Monday, October 17, 2011

The French Connection

          Very often it happens that there would be some marvelous destination that is a stone’s throw from your place, and you never really take the trouble to check it out; keep putting it off for another day, but head to distant locales, throwing more cash than you intended to on those vacations. And one fine day, you make up your mind to ‘just go check the damn place out’- and fall in love with it. Exactly what happened to me this weekend, at Pondicherry.

          I had always wanted to go to this little Union Territory, close to four hours from Chennai, by road., for the French connection that it offered. Having learnt enough of the language and culture for a good five-six years, with the folks at the Alliance Français  doing a pretty remarkable job of it, it was only natural that I  wanted to go see if it was  la meme chose.

          And boy it was. Much, much better!!!

          We started from Chennai at around 4 pm and the drive was uneventful, reaching Pondicherry at around 7.30 pm. The best part about the trip was that two among us were locals, so they had an itinerary in their heads, saving us precious research time. And I can say, no amount of research and planning would have made a better trip that what these friends had drawn up for us. We headed to one of their homes to dump the bags and freshen up. Then we headed out for the night.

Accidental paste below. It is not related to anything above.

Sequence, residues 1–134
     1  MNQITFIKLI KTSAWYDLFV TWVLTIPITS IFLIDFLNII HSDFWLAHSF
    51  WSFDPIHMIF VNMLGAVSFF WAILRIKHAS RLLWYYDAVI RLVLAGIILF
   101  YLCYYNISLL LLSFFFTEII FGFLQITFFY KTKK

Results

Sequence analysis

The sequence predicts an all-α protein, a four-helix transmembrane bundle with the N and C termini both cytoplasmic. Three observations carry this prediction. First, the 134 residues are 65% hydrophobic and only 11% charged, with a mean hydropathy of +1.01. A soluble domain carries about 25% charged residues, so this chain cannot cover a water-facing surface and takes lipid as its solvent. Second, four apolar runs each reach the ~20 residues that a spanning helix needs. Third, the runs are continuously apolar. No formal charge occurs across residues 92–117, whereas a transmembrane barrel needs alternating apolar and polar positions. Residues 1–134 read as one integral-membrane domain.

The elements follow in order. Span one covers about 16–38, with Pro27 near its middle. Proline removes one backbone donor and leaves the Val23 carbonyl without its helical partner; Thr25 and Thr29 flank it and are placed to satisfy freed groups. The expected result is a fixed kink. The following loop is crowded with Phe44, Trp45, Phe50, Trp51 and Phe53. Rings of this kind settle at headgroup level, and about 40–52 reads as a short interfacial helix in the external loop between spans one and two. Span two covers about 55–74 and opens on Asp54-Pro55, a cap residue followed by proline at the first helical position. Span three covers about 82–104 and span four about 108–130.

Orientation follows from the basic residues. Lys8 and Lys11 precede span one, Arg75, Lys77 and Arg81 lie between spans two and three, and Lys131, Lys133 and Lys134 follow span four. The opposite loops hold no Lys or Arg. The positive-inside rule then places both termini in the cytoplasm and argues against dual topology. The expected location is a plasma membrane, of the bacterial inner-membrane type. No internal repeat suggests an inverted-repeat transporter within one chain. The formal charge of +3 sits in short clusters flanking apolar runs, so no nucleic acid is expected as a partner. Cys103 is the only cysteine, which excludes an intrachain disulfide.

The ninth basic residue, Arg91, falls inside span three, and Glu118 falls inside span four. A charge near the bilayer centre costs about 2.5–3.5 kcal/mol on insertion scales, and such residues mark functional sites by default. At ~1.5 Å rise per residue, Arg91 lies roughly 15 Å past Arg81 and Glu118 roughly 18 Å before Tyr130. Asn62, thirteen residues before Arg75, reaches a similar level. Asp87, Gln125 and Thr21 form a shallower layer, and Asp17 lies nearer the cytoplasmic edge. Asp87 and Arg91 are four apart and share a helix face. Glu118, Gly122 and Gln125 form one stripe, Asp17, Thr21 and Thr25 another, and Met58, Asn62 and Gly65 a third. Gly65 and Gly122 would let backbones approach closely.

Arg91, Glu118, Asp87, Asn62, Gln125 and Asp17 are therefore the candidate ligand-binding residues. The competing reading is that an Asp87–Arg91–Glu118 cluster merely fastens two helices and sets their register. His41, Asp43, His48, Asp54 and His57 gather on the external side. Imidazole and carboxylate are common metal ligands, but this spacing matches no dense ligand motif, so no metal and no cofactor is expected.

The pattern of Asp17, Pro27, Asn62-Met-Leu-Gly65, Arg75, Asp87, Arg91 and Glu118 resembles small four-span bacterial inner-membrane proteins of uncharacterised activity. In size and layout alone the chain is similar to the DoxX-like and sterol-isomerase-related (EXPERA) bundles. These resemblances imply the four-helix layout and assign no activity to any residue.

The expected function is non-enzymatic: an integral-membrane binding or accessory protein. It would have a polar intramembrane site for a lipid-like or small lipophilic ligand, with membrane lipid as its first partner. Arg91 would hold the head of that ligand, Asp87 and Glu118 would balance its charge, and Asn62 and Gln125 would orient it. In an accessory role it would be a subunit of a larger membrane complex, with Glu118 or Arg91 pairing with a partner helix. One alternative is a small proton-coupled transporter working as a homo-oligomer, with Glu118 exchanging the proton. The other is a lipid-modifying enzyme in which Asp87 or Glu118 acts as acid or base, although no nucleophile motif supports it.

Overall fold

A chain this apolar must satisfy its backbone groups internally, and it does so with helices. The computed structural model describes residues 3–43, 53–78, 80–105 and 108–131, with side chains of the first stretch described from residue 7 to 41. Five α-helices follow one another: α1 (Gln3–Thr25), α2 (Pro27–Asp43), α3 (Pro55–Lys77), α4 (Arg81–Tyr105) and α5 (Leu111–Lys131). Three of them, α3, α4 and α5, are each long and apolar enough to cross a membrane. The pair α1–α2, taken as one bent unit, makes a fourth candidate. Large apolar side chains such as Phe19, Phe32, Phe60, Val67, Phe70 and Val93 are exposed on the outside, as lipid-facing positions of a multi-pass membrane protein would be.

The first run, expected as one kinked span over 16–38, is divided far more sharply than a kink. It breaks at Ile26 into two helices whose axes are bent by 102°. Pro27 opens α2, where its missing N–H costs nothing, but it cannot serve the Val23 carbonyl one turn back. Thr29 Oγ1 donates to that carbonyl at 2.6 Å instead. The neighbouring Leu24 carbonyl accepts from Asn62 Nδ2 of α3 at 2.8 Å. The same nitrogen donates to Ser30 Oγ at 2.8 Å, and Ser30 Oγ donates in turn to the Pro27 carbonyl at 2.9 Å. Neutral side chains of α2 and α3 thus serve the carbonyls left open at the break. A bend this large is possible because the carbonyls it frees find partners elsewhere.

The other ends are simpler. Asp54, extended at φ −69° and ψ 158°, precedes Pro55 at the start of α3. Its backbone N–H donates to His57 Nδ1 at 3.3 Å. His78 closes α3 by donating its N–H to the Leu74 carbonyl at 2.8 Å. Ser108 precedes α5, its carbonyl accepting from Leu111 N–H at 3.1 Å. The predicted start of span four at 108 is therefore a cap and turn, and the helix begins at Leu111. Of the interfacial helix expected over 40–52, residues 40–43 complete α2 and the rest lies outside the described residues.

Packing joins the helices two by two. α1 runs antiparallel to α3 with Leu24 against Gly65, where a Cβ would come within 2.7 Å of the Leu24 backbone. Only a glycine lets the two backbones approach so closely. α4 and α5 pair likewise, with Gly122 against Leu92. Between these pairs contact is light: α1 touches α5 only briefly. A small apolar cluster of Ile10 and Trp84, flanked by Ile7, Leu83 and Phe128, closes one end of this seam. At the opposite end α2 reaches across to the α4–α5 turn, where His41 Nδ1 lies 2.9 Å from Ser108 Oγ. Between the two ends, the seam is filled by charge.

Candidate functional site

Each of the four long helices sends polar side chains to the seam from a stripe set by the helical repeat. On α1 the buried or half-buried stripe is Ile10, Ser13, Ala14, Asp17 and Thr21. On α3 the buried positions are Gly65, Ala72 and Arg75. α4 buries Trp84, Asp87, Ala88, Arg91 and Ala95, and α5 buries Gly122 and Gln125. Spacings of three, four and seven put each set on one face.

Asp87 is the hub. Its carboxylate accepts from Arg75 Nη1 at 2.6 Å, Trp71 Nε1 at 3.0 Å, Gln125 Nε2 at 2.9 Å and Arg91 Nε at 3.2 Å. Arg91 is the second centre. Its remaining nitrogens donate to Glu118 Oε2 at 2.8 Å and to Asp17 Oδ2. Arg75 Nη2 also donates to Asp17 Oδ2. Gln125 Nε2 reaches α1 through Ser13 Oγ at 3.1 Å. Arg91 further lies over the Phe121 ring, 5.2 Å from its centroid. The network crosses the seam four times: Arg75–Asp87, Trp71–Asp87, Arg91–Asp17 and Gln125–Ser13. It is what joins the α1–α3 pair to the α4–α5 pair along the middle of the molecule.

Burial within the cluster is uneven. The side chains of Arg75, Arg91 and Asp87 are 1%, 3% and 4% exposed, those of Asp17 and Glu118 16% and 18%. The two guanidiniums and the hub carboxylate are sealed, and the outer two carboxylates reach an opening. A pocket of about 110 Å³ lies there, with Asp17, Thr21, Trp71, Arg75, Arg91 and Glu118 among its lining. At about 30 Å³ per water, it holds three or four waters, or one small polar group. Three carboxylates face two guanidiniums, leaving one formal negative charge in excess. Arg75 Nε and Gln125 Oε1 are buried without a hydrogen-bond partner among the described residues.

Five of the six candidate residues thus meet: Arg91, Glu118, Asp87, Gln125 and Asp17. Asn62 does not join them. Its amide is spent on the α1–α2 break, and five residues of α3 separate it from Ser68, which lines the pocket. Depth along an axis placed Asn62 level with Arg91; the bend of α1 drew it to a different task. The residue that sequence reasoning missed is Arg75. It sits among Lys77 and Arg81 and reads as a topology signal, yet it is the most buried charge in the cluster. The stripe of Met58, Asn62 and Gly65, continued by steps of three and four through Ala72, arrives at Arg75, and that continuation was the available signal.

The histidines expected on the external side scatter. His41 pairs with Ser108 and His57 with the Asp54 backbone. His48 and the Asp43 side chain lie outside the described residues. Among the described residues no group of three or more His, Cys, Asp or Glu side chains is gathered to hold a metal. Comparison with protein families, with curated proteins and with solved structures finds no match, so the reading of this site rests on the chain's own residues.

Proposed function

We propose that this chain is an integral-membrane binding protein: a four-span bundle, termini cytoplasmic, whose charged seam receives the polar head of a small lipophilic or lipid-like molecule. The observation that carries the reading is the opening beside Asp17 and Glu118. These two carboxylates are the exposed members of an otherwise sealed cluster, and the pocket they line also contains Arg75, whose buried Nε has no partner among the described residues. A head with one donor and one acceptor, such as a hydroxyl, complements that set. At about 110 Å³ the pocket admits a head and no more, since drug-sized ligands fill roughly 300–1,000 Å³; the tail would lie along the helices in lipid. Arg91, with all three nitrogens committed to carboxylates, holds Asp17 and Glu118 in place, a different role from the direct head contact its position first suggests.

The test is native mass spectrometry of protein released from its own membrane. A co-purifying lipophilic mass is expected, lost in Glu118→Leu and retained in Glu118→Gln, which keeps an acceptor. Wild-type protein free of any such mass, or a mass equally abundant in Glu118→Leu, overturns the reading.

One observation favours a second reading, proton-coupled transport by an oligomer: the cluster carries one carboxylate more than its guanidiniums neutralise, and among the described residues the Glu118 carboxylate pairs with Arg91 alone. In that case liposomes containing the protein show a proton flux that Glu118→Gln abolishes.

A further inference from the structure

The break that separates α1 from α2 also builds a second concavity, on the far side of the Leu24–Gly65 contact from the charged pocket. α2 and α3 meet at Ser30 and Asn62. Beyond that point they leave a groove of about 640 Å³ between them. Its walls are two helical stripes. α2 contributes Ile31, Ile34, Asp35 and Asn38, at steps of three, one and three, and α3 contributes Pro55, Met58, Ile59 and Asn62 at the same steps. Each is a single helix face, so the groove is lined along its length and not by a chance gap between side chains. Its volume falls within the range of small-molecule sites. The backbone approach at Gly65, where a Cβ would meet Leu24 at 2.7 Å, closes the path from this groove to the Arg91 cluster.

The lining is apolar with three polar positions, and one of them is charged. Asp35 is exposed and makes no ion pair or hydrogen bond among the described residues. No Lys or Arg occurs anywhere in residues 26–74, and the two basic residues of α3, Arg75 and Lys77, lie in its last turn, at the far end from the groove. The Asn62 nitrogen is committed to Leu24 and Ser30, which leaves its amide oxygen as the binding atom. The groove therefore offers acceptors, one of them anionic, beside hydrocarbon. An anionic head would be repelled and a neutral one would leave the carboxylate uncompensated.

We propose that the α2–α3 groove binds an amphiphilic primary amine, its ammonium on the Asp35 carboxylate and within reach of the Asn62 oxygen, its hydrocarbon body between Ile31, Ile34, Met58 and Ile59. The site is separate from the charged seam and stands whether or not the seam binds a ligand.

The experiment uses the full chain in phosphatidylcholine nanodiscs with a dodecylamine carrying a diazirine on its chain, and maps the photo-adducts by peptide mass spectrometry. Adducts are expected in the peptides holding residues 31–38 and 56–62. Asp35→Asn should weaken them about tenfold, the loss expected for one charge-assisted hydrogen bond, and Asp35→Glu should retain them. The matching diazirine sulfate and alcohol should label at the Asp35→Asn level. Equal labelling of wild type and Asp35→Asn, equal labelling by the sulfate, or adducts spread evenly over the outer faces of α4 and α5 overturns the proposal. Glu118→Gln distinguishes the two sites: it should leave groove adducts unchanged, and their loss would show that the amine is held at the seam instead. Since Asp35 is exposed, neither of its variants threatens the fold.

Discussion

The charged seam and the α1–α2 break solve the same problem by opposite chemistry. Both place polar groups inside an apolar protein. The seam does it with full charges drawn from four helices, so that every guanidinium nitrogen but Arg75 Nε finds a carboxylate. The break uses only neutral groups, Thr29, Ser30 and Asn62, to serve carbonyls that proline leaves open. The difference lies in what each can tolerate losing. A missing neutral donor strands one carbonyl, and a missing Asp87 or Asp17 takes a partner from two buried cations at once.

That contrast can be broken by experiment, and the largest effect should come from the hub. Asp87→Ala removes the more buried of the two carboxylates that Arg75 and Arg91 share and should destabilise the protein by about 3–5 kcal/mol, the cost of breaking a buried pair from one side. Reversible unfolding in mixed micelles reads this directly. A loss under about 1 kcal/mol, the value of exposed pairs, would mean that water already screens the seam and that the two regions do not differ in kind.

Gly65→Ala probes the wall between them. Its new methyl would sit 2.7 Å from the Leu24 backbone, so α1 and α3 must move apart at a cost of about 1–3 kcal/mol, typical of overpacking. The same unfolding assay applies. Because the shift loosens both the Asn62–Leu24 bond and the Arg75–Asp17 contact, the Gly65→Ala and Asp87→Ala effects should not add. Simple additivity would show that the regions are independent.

The UT is markedly split into two- the French quartiers and the Indian neighborhoods. The architecture, colours, the crowd, even the width of the roads, spelt the difference. Smart policemen with red hats caught my attention everywhere we drove through. That is also a French-hand-me-down custom, I hear.  We went to this settlement near the beach, with all the roads named Rue-blah-blah. The spot is simply awesome for a walk- the weather and the bunch of merry friends only complementing the scene. We went to this diner called Le Club, Rue Dumas. Amazing place- great ambience and music, splendid food, only slightly expensive. Wanting to experiment authentic French cuisine, the gang asked me to choose. I picked dishes that I remembered from text books: Poulet au citron- (Lemon Chicken?)  and Poulet à la Crème de Champignon (Chicken cooked with mushroom sauce). The mushroom sauce won.